Porter: “Why Technology Matters to Writing” (2003)

I have read Porter’s “Cyberwriter’s Tale” numerous times before, and I’m reading it again for Stuart Selber’s class, “Postcritical Perspectives in Literacy Studies.” Porter’s argument was very helpful as I was writing my thesis. To summarize, he uses his own techno-literacy narrative to argue that technology does matter to writing and that we should view writing technologies from a posthumanist perspective. He chronicles his use of pencils in grammar school, his adoption of typewriters in graduate school, and in his use of computers and the Internet in the 1980s and 1990s. He argues against technological instrumentalism, which sees technologies and humans as separate, and instead argues for “a critical view of technology (one that defines technology in terms of human-computer interaction) and a contextualist view of writing (a scenic view that focuses on production and effects of writing in its political, social, and rhetorical context)” (386-387).

What was most useful to me when I first read Porter’s essay (in fall 2005) was the distinction between humanist views of technology and posthumanist views (e.g., Harraway and Hayles). The humanist approach to technology sees the human and technology as separate and generally comes in three versions: 1) the utopian view, which sees technology as revolutionary or progressive; 2) the dystopian view, which sees technology as threatening our freedom or autonomy; and 3) the neutral or dismissive approach, which sees technology has having no effective on us (or on writing). The posthumanist approach, however, sees technology as an extension or part of humans — in other words, it questions the boundaries between technology and humans. This cyborgist approach, in the words of Hayles, recognizes that “there are no essential differences or absolute demarcations between bodily existence and computer simulation, cybernetic mechanism and biological organism, robot teleology and human goals” (qtd. in Porter 387). Posthumanism, for Porter, allows us to ask and answer the “important strategic question of how: How will will we use technology? How will we design technology? How will we engage technology?” (388).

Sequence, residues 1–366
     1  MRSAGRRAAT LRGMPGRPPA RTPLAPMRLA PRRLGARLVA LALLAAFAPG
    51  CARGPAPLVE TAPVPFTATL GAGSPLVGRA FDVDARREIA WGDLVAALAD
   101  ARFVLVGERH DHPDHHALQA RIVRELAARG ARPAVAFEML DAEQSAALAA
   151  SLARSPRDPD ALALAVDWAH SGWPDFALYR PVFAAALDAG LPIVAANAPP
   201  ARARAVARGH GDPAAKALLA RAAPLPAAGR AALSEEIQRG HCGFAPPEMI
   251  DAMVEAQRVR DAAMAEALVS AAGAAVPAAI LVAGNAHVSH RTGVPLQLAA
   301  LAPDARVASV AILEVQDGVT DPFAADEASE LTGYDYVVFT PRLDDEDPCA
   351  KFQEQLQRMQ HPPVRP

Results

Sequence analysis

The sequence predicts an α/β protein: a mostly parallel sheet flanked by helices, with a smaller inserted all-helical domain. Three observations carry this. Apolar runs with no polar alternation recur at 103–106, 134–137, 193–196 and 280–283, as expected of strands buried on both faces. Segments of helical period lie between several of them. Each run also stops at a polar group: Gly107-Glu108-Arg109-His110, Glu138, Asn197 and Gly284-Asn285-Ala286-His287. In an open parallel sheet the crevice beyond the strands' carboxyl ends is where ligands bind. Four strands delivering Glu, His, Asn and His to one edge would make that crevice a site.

This posthumanist notion of the cyborgic human was quite shocking in 2005 when I first read it. I remember being quite disturbed by it when we read Porter’s essay in Lisa Ede’s Language, Technology, and Culture class that fall. I even wrote expletives of surprise in the margins (I’m reading the same handout Lisa gave us). I’ve pretty much come around to agreeing with Porter (I think I had by the end of Lisa’s class).

Porter, Jim. “Why Technology Matters to Writing: A Cyberwriter’s Tale.” Computers and Composition 20 (2003): 375-94.

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3 Responses to Porter: “Why Technology Matters to Writing” (2003)

  1. John says:

    As important as Porter’s article is, I think it’s much more fascinating when we juxtapose it with Jeff Rice’s “The 1963 Composition Revolution Will Not be Televised, Computed, or Demonstrated by Any Other Means of Technology.” It’s one thing for us to walk away from Porter’s piece getting the importance of technology, and it’s another thing to realize, as Jeff asks us to, that McLuhan, Ong, Havelock and other orality-literacy and media ecology scholars were making the posthumanist argument in the 1950s and 60s. McLuhan, of course, argued that all media is an extension of a psychic or physical human faculty and one of my favorite Ongian aphorisms, restated in various forms throughout his career, is “there is nothing more natural to humans than the artificial.”

  2. Michael says:

    I’ve been meaning to read that, and I’ll try to this term. I was wondering why Porter didn’t mention McLuhan (at least in a footnote!) when he writes that technology is an extension of himself. It was an obvious allusion (though perhaps accidental?). Thanks!

  3. John says:

    You should definitely read Jeff’s piece. I can’t say why Porter might not have mentioned McLuhan, but I do know McLuhan has had a poor reputation with academics, in part because of his pop culture status and in part because he didn’t write in traditional academic style. And there’s also Beth Daniell’s canonized misreading of Ong (in my more cynical moments I’d call it a hatchet job) which turned a whole lot of composition scholars off of orality-literacy studies. In other words, as Jeff argues, we, as a discipline ignored them so we’re “discovering” what they told us some 40 years ago.

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